“The whole outfit and apparent re-branding just doesn’t satisfy this supposedly bold, sonic recalibration”
Digital Release: September 4, 2011
Physical Release: September 5, 2011
The recipe for a good respectable pop song these days is buried deep underneath a slaughtering of pop sensibilities and know-how in the belief that throwing everything and anything possible at a slight melody will produce a big hit. Unfortunately for pop lovers, this haphazard method proved successful sales-wise and as a result, more hectic constructions of cheap ten-a-penny dance hits can be churned out a twice the speed and efficiency than usual, at the benefit of the western pop market taking the form of one big smoke-billowing heap of grease-covered, grinding metal and conveyor belts tossing out recycled garbage with a shiny 2011 coating and sticker while the more ‘risky’ independent pop acts not guaranteed to bring in a quick return are left staring at closed doors to this money-sponging monolith.
The Saturdays are but merely one of the many manufactured pop groups doing the rounds while public interest allows them to – they’re special operatives for Fascination/Polydor Records who’ve proven they can chuck out a decent pop tune once in a while (‘Up’, ‘Ego’), but in the more recent stages of their career, they’re goods have turned quite stale. ‘Notorious’ was passable but anticlimactic will.i.am fraud; it’s serious-faced strop-pop vibe and the girls’ claim to being “gangster” were unintentionally received as naïve amusement but it’s worst crime was that it stripped The Saturdays of their girly demeanour and cheery pop concoctions. Basically, no matter what the song had going for it, the new sound sucked the fun out of The Saturdays.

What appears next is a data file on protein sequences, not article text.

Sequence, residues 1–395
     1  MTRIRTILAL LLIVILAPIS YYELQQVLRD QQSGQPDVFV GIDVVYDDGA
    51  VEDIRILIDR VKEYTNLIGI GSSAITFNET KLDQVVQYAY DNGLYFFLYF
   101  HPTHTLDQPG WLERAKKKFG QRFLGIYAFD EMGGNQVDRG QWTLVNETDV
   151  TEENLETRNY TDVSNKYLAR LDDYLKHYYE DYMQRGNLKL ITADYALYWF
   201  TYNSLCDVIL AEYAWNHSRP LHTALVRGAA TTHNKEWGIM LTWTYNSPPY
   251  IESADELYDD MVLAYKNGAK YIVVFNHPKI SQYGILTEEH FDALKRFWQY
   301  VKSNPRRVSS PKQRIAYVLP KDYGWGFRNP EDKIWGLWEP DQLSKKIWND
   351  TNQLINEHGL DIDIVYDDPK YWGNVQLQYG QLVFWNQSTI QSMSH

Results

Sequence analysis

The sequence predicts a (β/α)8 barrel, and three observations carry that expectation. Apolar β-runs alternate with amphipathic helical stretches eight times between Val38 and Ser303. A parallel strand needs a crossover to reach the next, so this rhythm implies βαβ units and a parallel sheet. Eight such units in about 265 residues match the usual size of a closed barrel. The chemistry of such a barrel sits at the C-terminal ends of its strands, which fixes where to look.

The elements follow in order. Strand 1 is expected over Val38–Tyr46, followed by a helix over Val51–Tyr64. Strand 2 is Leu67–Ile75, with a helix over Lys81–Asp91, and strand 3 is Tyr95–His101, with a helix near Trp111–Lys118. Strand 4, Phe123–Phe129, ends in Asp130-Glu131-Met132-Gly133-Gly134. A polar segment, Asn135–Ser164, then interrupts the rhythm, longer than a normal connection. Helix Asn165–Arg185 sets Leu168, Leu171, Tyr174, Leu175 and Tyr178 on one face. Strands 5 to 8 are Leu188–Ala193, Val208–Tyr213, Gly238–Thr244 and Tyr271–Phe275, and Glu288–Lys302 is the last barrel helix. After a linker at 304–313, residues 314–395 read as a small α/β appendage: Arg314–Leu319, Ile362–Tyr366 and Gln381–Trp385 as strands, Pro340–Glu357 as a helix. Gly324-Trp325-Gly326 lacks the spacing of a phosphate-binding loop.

‘All Fired Up’ is a similarly faceless offering from a once vibrant girl-group turned mistresses of foxiness. But the whole outfit and apparent re-branding just doesn’t satisfy this supposedly bold, sonic recalibration. Teaming up with Xenomania – the masterminds behind Girls Aloud’s enormous successes – The Saturdays put up an admirable fight to stand their own ground amidst the flood of synthesiser, drum machine and anonymity, but the fundamental flaw is that the ground on which they stand isn’t their’s, or at least, they’ve not give us enough of an impression that they suit the trance-pop sound of ‘All Fired Up’. The juxtaposition of sounds may sound like an interesting complement and a sure-fire hit with today’s market but the inescapable awareness of the genre’s roots result in a tangled mess where neither of those conventions click well with each other. Due to the unchanging chord progression, the defined sections of a standard pop song are blurred into one elongated track that drifts to an arbitrary length (it’s fly-by nature enhanced by the fade-out coda); the girls’ unnecessary embellishments of excessive auto-tune clashing with the spacious feel of the backing track, and the typical pop lyrics, which reach an all new level of bewilderment with “I put my head against the speakers” and “We’re all animal-mal-mal” making recurring appearances, the latter being particularly laughable as Mollie King’s featherweight vocals deliver about as much animalistic power and feral drive as a new-born kitten.
If The Saturdays still want to be considered relevant then they should pursue this newer sound – the general public aren’t fussy about conviction or credibility. But that path would be an undignifying scavenge to remain in the shifting spotlight. To retain musical worth as the faux-feisty pop vixens they were happy enough to be during albums one and two (and mini-album ‘Headlines!’), they need to return to their original roots and think over this whole reinvention but until then, it’s a worrying truth that Fascination Records are happy enough with the girls’ hip thrusts and wannabe cat-walking, and will simply allow them to go through the motions with all kinds of capital to blow but no incentive to do anything differently.